26 thoughts on “History of Media Literacy, part 1: Crash Course Media Literacy #2

  1. Wow, thanks for this! Blown away (oops) by the Pulitzer part. He apparently was no saint when it comes to the world of journalism, and yet here we are, awarding journalists under his name.

  2. You're a rather "persuasive" man yourself, Mr. Smooth. Just kidding, sort of. I <3 Semantical ambiguity, a wonderful fundamentation of space-time between existence and sentience.

  3. I teach Information Literacy as part of an English class. I have shared a link to this crash course for my students because some of them struggle as to how to evaluate the information that they choose to use. I face the additional struggle of making sure students use academic databases and some websites that are credible, for research in higher ed. Thank you for giving me another tool to help get the message across that you need to be a discerning consumer of information in all its formats.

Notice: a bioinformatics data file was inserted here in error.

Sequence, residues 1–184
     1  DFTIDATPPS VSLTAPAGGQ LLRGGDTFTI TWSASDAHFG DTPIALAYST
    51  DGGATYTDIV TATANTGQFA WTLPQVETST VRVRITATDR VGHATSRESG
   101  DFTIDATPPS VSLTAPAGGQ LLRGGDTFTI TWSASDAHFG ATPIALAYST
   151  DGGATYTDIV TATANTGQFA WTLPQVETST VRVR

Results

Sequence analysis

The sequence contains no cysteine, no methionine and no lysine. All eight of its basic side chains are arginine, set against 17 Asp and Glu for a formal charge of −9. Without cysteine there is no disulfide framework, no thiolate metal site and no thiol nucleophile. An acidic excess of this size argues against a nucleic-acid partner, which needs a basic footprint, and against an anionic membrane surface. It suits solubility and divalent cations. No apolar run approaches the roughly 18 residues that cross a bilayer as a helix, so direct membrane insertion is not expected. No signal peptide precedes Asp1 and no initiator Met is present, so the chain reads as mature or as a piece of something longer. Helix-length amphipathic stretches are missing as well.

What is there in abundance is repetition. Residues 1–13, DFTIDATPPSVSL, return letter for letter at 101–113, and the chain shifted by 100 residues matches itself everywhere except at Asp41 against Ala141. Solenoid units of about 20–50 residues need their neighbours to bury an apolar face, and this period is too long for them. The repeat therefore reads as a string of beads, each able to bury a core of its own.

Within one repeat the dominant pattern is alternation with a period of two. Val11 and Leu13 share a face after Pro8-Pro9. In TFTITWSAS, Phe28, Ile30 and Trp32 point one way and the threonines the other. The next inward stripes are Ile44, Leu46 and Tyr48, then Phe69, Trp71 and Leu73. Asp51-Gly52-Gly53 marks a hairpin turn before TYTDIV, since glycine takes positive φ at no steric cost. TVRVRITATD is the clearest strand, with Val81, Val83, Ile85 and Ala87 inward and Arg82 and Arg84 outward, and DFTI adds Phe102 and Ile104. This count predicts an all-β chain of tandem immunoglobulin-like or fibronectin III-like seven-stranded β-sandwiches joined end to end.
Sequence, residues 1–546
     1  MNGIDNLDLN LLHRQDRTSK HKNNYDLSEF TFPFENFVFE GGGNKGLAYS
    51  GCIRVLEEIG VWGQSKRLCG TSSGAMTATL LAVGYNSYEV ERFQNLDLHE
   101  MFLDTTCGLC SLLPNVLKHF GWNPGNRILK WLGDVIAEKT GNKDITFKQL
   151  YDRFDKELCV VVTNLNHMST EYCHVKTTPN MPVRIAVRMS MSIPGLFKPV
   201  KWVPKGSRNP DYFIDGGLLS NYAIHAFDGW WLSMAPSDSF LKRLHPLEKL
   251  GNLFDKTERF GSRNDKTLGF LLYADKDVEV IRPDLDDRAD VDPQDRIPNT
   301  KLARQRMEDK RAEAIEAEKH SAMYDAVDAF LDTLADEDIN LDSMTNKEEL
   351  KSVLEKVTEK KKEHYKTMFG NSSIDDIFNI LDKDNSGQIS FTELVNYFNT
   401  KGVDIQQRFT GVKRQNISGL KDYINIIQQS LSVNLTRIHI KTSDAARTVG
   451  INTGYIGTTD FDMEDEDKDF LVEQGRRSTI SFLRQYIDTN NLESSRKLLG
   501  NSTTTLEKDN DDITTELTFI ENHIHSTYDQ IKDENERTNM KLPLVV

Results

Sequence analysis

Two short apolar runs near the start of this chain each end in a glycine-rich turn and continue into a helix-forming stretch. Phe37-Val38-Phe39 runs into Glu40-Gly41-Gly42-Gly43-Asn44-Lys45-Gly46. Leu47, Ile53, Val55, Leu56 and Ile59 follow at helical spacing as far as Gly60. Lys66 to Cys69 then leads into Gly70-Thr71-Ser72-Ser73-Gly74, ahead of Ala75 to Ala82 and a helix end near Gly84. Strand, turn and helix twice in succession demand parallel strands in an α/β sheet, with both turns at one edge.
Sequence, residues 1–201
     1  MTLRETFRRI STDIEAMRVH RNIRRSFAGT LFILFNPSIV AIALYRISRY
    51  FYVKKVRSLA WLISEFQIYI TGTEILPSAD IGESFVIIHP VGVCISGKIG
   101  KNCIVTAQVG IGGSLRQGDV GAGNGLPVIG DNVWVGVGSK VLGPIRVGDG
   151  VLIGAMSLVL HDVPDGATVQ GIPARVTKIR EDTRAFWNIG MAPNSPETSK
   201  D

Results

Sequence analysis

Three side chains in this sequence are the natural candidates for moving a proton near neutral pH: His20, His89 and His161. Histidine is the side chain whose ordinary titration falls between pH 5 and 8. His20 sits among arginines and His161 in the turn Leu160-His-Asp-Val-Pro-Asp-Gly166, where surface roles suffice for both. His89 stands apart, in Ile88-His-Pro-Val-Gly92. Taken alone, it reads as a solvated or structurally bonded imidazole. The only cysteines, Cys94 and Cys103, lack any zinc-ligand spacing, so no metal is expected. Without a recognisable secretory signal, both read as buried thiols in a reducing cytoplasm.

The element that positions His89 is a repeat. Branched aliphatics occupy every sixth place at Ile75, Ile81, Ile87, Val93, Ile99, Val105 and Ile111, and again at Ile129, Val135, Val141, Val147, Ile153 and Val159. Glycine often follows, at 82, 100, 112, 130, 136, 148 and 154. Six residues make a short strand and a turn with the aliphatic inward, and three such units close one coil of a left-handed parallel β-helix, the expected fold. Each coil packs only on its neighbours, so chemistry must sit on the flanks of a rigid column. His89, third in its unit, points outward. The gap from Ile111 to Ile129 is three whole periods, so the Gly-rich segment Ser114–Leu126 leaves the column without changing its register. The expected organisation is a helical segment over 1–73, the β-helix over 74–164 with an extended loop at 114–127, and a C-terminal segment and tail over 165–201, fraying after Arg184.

4. Good content. I major in Media Studies at UC Berkeley and this is concurrent with everything i am learning in a Media History class and is really helpful. thank you

  5. This series has come at a perfect time considering the worlds current political climate. I don't know why but I have a feeling of a potential red pill… anyone else?

  6. So, one of the most prestigious journalism awards in the world is named after one of the proponents of yellow journalism.


  7. To me, the misleading of sensational media is down right scary as hell. Manipulating the public for selfish gains and to hell with the consequences is how we get into wars. Then with modern weapons… 50-70 million died in ww2. That’s just the ones who saw the end of the war. The survivors suffered much longer. Can you imagine the pain and suffering today? Look at Iraq. Uranium tipped shells are causing deformed babies. They never saw the war, but will suffer from it. All starts from the media…

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